We come to a room with a bunch of apparently dead Daleks, however one of the crystals we need to collect is sticking out of one of them. They ask for a volunteer to retrieve it. I figure I’ll let the children do this bit, but then remember there’s no kids in this group and no one’s raised their hand yet so mine goes enthusiastically up. Why not? I bravely extracted the crystal from the Dalek and escape just as it and all the other not-so-dead Daleks in the room start waking up!
Then there was the Weeping Angel forest…
Then we get to a room where they hand out 3-D glasses and we get to assemble the 3 crystals our group has retrieved and then craziness happens. Basically, the 3-D show is so you can experience the sensation of every scary Doctor Who entity flying towards you. The Weeping Angel was the worst.
Well, the Doctor saves the day, however, he leaves us in the 60’s, but that’s ok, right?
Next is the 2-story museum full of props and sets and costumes and all sorts of things, including the round things…
Oh, and here is our new friend, Kathleen!
We took quite a lot of pics here, so to see the entire collection, click Here!
Then it was time for gift shop!
We shopped and shopped, and picked up our merchandise packs that came with the tickets I bought. It has a T-Shirt, a wristband, brochure booklet, a souvenir ticket and certificate.
Basically, the whole morning I was like this…
It was about lunchtime now, so we decided it was time to venture over into the midst of stuff going on at the Millennium Centre and get some food. It was extremely busy, so we put our names in at a pizza place with a 45 min wait and then wander about, taking pics and looking in the Millennium Centre gift shop.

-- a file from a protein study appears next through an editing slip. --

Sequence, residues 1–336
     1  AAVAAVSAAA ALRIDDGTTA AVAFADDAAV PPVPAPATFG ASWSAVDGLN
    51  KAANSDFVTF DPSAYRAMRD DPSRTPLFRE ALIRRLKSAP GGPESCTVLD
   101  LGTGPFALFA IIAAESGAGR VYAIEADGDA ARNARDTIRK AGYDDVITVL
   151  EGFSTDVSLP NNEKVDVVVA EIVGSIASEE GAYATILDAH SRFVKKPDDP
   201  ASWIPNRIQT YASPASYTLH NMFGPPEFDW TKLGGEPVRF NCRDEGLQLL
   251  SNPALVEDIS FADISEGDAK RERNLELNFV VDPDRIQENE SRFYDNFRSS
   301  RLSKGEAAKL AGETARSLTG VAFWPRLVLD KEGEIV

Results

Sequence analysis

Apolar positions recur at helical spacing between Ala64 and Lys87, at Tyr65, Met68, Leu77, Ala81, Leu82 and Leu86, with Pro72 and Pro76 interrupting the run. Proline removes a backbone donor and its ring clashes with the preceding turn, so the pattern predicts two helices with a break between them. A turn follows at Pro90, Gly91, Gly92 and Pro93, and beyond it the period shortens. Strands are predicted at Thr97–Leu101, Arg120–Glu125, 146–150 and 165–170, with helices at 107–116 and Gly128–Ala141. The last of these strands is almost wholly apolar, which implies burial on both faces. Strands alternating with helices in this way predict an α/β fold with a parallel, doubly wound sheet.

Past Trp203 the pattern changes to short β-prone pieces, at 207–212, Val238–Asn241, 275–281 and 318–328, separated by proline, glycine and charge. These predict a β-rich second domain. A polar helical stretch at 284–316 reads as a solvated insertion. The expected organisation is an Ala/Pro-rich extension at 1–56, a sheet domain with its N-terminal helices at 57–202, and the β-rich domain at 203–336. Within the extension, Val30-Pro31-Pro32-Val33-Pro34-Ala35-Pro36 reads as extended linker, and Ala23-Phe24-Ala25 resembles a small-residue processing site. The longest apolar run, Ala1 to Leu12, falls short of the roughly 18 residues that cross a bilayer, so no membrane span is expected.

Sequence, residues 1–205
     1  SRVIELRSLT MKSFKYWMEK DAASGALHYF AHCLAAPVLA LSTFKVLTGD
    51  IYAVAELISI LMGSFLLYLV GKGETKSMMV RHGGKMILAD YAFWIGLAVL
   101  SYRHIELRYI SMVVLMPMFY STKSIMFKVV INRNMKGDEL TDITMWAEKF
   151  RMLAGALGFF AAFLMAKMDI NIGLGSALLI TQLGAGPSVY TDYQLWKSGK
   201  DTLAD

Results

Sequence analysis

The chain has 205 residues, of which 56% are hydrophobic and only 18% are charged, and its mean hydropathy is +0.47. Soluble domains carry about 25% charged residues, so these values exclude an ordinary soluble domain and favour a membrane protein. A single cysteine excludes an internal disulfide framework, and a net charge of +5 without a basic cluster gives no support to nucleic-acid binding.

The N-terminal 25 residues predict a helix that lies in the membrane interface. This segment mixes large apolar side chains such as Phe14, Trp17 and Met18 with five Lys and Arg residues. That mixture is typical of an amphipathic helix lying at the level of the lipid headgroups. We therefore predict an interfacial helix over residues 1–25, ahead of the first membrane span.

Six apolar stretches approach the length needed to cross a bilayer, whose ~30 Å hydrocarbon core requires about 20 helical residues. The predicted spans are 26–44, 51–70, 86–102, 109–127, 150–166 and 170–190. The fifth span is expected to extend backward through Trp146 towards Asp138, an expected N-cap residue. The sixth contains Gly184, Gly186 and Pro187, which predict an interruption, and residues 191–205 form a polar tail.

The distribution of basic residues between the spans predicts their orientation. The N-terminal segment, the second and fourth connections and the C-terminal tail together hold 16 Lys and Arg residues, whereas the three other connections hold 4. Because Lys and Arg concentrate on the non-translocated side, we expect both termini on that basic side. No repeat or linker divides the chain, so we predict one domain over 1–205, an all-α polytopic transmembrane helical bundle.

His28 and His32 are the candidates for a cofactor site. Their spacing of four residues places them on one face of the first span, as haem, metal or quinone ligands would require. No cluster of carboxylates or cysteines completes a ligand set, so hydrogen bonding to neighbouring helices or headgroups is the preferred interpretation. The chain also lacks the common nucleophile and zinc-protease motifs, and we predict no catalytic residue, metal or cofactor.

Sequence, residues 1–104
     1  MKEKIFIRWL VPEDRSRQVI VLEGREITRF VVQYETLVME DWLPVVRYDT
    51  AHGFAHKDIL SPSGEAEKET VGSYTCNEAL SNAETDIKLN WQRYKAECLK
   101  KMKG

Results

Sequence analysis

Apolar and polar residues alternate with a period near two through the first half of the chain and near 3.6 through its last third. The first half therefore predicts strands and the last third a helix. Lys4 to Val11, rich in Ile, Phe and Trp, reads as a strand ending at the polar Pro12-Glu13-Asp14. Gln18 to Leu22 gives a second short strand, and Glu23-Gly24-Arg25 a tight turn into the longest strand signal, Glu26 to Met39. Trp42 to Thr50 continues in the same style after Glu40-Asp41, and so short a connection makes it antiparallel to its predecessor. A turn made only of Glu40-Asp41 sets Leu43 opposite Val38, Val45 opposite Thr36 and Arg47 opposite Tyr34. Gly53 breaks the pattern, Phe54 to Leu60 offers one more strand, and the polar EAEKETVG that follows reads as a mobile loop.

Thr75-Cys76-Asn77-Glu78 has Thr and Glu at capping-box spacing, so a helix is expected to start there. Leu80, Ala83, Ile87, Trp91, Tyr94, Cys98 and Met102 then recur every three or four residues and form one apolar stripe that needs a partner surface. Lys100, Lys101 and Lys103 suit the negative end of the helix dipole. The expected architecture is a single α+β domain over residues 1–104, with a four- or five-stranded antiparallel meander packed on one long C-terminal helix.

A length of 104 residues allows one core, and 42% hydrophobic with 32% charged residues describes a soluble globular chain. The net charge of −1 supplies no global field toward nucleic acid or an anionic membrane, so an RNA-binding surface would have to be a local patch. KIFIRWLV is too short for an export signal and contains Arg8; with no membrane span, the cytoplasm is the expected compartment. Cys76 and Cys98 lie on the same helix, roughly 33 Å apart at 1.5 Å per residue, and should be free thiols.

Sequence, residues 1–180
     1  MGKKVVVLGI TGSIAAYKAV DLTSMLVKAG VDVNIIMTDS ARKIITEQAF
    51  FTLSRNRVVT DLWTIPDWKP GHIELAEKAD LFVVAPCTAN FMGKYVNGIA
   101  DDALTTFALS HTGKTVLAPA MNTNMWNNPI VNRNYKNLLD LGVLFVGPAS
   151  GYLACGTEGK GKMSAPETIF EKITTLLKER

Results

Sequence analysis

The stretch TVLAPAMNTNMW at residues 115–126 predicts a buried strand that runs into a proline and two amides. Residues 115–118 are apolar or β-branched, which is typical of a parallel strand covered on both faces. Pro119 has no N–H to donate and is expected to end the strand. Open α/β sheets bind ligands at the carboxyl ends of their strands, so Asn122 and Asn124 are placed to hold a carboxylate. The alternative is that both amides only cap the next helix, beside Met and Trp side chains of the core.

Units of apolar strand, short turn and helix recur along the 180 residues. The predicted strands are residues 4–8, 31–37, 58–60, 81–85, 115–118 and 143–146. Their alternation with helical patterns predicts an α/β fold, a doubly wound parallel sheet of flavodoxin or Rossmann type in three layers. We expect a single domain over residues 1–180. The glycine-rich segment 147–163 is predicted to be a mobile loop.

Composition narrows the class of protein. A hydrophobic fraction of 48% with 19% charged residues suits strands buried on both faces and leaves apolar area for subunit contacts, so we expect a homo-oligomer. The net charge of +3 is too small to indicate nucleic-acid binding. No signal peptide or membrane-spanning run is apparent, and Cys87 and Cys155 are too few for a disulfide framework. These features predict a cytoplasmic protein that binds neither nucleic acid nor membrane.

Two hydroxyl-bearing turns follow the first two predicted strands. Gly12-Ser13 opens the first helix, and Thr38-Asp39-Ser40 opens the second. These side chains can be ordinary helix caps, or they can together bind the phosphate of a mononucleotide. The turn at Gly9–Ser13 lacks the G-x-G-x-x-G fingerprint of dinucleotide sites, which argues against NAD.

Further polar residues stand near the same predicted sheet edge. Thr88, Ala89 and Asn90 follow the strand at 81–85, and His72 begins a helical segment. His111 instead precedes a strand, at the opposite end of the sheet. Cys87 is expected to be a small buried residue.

Also, since we were by the water, I thought to myself, ‘I wonder if the back door to Torchwood is around here…’ and so we walk towards the water, under the foot-bridge, turn right and there it is! Only, there’s stuff all over it. It turns out people have made the wall there into a huge shrine to a certain character on Torchwood. There’s all sorts of mementos, fan art, gifts and some downright weird shit on this wall. I won’t spoil it for you if you don’t want to know who, but if you do….. CLICK HERE!!
So we ate our lunch of pizza, which was decent, and then decided to head to Cardiff Castle. On the way we saw a Mr Whippy truck, and Kathleen said they were good so stopped and had some.